A tropical storm well off the Pacific Coast of Mexico is expected to bring occasional but potentially very heavy rains to eight Mexican states on Tuesday.
The effects of Tropical Storm Lidia will be felt mostly in coastal areas of the western states of Colima, Jalisco, Michoacán and Nayarit, according to an advisory from the National Meteorological Service (SMN). As of 9 a.m. Tuesday, the center of the storm was 510 miles south-southwest of Manzanillo, Colima, and 745 miles south-southeast of Cabo San Lucas, Baja California Sur. Its maximum sustained winds were 40 mph, with some higher gusts.
Effects might also be felt in Guerrero, Chiapas, Oaxaca and even Veracruz, but there are no coastal watches or warnings in effect, according to the National Hurricane Center (NHC) in Miami. Strong gusts of winds are also expected.
The system became the 12th named storm of the Pacific hurricane season when its formation was announced early Tuesday morning.
The NHC was predicting that Lidia would move slowly in a northwest and north-northwest direction “over the next several days,” adding that there were no hazards affecting land.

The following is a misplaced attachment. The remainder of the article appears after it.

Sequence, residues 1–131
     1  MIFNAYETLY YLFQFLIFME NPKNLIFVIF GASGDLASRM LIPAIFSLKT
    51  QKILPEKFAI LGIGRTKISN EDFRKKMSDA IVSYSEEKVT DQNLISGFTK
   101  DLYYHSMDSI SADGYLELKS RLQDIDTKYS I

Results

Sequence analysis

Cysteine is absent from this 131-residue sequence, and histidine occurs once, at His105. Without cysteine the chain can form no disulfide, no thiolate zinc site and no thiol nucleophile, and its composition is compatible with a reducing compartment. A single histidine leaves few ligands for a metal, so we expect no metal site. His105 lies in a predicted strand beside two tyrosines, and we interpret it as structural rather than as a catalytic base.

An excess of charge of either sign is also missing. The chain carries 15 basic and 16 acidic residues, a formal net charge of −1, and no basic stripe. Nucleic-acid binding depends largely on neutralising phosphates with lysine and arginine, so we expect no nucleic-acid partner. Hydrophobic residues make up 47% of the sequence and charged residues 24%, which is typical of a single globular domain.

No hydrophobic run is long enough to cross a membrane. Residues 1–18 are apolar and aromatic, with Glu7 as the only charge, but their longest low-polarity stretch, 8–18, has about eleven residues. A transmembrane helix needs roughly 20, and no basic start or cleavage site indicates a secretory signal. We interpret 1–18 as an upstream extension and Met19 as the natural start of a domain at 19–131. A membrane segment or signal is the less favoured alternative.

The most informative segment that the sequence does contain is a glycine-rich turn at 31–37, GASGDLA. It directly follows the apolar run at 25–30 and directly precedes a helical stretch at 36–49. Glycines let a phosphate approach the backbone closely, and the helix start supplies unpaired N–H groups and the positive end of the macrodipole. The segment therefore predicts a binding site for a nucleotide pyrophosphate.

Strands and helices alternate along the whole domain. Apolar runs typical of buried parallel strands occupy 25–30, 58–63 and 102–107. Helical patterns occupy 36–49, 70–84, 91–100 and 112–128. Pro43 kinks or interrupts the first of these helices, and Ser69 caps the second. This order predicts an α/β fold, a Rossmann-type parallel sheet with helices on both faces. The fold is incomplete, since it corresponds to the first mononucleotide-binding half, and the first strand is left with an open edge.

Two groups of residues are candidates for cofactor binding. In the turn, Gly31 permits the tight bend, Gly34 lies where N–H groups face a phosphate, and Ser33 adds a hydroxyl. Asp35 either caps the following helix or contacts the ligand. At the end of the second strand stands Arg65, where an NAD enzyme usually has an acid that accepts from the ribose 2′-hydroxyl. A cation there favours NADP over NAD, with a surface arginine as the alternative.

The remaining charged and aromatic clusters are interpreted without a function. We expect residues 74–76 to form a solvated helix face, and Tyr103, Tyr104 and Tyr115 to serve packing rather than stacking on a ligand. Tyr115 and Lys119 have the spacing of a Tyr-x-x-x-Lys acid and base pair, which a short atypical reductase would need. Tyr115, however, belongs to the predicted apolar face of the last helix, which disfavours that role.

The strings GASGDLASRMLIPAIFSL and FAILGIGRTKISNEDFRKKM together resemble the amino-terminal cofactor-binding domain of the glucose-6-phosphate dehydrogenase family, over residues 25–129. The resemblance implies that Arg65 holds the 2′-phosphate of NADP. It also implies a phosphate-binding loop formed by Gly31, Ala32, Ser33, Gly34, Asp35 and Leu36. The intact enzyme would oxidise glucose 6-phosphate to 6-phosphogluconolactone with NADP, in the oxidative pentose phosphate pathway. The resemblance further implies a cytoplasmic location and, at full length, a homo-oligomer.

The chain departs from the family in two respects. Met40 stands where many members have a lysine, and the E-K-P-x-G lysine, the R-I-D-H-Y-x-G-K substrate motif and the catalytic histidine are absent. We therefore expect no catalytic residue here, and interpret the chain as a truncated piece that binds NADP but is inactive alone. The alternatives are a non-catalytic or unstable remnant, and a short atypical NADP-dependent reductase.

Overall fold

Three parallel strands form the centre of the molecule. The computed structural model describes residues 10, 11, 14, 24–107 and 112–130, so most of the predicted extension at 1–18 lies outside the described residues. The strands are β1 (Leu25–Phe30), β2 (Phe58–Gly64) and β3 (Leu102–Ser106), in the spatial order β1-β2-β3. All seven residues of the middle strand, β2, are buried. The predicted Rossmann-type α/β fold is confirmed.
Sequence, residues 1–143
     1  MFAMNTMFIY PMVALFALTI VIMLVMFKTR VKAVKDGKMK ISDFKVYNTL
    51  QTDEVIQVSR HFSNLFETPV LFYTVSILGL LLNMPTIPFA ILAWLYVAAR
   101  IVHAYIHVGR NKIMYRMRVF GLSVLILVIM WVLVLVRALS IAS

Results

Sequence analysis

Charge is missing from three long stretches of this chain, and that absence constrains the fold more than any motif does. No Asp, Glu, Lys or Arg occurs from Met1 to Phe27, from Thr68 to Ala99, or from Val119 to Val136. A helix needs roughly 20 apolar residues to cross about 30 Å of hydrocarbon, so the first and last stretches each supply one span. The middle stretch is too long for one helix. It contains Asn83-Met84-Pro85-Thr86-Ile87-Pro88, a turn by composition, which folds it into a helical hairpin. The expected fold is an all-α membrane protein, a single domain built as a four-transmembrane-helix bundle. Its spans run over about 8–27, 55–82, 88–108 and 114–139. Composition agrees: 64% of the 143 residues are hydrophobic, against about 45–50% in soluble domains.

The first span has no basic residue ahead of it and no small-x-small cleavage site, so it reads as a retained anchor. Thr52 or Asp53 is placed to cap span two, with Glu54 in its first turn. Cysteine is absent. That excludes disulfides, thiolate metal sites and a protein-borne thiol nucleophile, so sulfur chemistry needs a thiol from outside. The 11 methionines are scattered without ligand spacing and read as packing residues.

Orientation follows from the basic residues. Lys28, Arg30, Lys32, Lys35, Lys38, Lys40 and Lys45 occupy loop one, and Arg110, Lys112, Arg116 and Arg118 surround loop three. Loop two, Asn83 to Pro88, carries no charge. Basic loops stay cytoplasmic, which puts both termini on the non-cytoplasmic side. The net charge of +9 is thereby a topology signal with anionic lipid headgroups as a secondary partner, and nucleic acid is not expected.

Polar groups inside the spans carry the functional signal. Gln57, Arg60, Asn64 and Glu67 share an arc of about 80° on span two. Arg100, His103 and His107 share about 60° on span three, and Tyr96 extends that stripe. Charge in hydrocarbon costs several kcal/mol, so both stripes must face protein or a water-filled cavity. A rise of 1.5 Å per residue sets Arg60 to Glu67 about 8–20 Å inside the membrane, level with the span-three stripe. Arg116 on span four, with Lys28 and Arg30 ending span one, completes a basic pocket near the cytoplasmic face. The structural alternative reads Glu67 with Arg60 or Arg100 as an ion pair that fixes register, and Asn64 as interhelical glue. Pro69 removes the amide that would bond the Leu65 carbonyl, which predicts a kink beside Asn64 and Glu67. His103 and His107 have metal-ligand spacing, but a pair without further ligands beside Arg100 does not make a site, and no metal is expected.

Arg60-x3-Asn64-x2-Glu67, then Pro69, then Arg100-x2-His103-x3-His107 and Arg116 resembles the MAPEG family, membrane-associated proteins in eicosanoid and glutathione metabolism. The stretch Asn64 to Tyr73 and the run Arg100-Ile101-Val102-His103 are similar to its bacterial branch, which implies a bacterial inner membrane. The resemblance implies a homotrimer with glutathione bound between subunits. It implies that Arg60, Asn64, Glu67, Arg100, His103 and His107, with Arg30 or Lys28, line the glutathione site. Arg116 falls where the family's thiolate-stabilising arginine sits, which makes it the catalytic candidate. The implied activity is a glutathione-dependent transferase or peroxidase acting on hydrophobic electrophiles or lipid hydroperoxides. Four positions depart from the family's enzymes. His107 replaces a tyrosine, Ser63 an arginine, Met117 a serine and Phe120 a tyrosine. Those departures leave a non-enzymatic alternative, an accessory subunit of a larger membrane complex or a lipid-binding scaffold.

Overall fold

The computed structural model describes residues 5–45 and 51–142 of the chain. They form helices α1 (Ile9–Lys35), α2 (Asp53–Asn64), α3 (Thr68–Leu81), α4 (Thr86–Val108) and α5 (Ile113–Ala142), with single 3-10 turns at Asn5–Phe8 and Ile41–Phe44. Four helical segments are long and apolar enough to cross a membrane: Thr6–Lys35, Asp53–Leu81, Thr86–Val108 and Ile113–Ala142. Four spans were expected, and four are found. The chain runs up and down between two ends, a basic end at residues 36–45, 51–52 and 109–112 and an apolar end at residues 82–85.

By Friday, it could evolve into a Category 1 hurricane, with winds from 75 to 93 mph, according to both NHC and SMN. By then the storm is expected to have taken a sharp turn even further away from Mexico’s west coast while remaining well south of the Baja Peninsula.
The last named Pacific storm to affect Mexico was Tropical Storm Kenneth, which peaked on Sept. 20 with maximum winds of 50 mph, before weakening to a tropical depression.
In September, Hurricane Jova quickly intensified from a tropical storm into a Category 5 hurricane, with winds going from 70 mph to 160 mph in less than 24 hours. However, it remained far from the coast as it went into a weakening trend.
In addition to Lidia, an area of low pressure off the coast of Central America is being monitored by NHC and SMN. “Conditions are expected to be conducive for a gradual development of this system, and a tropical depression is likely to form late this week or over the weekend,” NHC noted.
The storm is expected to come closer than Lidia to Mexico’s west coast.
With reports from El Universal